This blog is written by SynergyVets
When vets require the services of a specialist for providing ongoing treatment or therapy to one of their patients, such as a veterinary physiotherapist, it is mutually beneficial for both parties if they already have a strong working relationship with a practice that they trust.
This allows the best possible level of care to be provided to the patient and also means that specialists such as rehabilitation therapists and physiotherapists can establish successful businesses.
Below, we outline some of the things that both veterinary practices and vet rehabilitation specialists need to bear in mind when forming meaningful relationships with one another.
Find a professional you trust
For both the veterinarian and the specialist, it is important to make referral arrangements with someone they can trust. It may take time to build that relationship, so both parties will want to do their research and make sure they are happy to establish a working partnership with the other.
Establish a seamless referral process
The referral process needs to run smoothly in order to be effective. Therefore, both parties should set up a system that allows them to put the referral through in an official capacity.
Before the referral takes place, the veterinarian needs to get confirmation from the client that they are happy for the animal to be referred and for their personal data to be passed on. The veterinary surgeon then needs to consider all relevant factors, such as the location of the service, the urgency of treatment and the circumstances of the owner, including the availability and limitations of insurance.
Veterinary surgeons should be prepared to justify their referral decisions and should record the reasons for their decisions in their initial documentation, along with providing full notes on the case. There will likely be further documentation that needs to be filled in, so the vet needs to have this readily available.
It is important to establish the best referral system for both the vet physio and the vet that adheres to the local law requirements, as some countries, such as the UK, have very strict referral laws. Importantly, both the referring veterinary surgeon and the referral veterinary surgeon have a responsibility to ensure that the client has an understanding of the likely cost arising from the referral.
When it comes to offering incentives for referrals, both parties must be careful as the primary responsibility needs to be animal health and welfare. Incentives should not be considered if the veterinary surgeon or veterinary nurse would not otherwise enter into that arrangement.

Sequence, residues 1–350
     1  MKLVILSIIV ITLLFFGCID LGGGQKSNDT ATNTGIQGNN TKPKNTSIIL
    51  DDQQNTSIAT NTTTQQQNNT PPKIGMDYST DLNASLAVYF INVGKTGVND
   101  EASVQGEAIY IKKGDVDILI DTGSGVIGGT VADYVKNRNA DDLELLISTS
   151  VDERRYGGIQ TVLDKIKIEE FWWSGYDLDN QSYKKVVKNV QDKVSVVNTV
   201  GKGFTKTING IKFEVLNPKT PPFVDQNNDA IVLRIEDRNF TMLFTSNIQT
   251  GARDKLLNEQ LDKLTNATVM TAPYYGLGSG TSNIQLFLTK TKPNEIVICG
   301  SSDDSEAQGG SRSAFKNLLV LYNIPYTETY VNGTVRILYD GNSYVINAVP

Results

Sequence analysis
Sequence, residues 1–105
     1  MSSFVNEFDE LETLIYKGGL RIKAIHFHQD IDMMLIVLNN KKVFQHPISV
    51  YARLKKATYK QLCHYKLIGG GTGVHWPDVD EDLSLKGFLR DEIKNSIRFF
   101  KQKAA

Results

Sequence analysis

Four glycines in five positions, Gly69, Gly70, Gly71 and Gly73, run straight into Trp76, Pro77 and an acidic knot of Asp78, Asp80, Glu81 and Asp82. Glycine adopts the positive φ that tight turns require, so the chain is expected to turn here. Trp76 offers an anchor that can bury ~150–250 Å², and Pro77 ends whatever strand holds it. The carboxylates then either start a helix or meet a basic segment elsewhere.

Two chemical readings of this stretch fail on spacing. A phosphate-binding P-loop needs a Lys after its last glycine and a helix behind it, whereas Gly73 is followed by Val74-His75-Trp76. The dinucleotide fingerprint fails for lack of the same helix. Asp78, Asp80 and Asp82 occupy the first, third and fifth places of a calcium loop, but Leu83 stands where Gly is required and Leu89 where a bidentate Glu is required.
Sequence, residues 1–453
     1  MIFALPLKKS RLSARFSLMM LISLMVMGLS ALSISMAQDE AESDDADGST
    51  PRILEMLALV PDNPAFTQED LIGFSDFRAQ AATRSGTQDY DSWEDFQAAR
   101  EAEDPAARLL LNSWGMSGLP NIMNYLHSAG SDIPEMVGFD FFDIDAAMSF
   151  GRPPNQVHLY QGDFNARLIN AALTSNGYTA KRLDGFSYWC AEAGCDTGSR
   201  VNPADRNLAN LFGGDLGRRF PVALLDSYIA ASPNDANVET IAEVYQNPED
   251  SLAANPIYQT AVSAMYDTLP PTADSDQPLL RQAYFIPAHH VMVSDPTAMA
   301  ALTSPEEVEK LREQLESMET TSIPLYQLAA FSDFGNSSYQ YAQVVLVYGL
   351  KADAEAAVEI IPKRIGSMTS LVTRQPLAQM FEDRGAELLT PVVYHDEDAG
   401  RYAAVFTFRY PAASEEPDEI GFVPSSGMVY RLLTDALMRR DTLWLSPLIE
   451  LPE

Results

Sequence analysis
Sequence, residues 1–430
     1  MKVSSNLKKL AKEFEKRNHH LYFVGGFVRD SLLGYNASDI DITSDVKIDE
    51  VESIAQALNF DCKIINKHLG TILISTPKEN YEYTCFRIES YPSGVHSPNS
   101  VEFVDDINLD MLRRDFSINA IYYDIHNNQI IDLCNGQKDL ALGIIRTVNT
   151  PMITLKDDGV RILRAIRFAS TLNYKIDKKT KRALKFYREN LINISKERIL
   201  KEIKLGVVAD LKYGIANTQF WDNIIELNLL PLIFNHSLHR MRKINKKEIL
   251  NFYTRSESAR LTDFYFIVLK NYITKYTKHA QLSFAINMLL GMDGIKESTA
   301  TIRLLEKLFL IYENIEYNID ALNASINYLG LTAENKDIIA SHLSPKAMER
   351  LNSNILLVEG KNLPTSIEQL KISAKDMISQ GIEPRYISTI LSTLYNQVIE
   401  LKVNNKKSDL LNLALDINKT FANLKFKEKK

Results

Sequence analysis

Once you have established the ongoing relationship, it will be a two-way street to keep it strong. The vet practice needs to know that they can rely on the specialist to respond promptly and let them know that they can take the patient into their care.
Equally, the specialist wants to feel valued by the vet by regularly introducing them to patients that they feel will benefit from their specialist training.
Create an open dialogue
Both veterinary surgeons and veterinary rehabilitation therapists lead very busy lives, so another important step will be to work on methods of communication.
Learn about how the other party wants to be contacted and the best hours to reach them, and put a process in place for when they are not available, such as leaving a voicemail with details and a request to respond via email if more convenient.
What you don’t want is a situation where one party is constantly phoning the other but there is no follow-up involved!
Hand over up-to-date and informative medical records
It can be frustrating for specialists to be referred a patient but not be given the full details of their medical record, or to receive it in a format that is confusing.
When vets refer their patients for specialist care, they need to ensure that they provide all of the important information so that the animal can get the best possible treatment. A medical case summary is important here, as it gives the specialist the information they need to proceed.
It is therefore important for specialists such as physiotherapists to make clear what they require from the vet in terms of medical records when taking on the case. Once a relationship is established, this should become clear anyway!
On a similar note, once a veterinarian has referred their patient to the care of a physiotherapist or rehabilitation therapist, that should not be the end of the matter. They will want to receive progress reports on the animal and how they are responding to the treatment, as this will have an impact on the picture of their overall health, which the vet is still responsible for.
Manage client expectations
A final but important note is that managing client expectations should be a priority for both parties. If a vet is going to recommend referring their client to a specialist, they need to make clear what this will involve, including any costs and alternative treatments.
Therefore, the specialist will need to provide a clear brief to the vet in advance of taking on the case to ensure that the client is happy and no difficulties arise.
These are just some of the factors to consider when establishing meaningful referral relationships in the veterinary world. Overall, having these mutually beneficial relationships in place can only have a positive impact on both parties, as well as on the health of the patients!
SynergyVets is a dedicated veterinary recruitment agency, with almost 30 years of collective experience supporting the profession with locum and permanent personnel.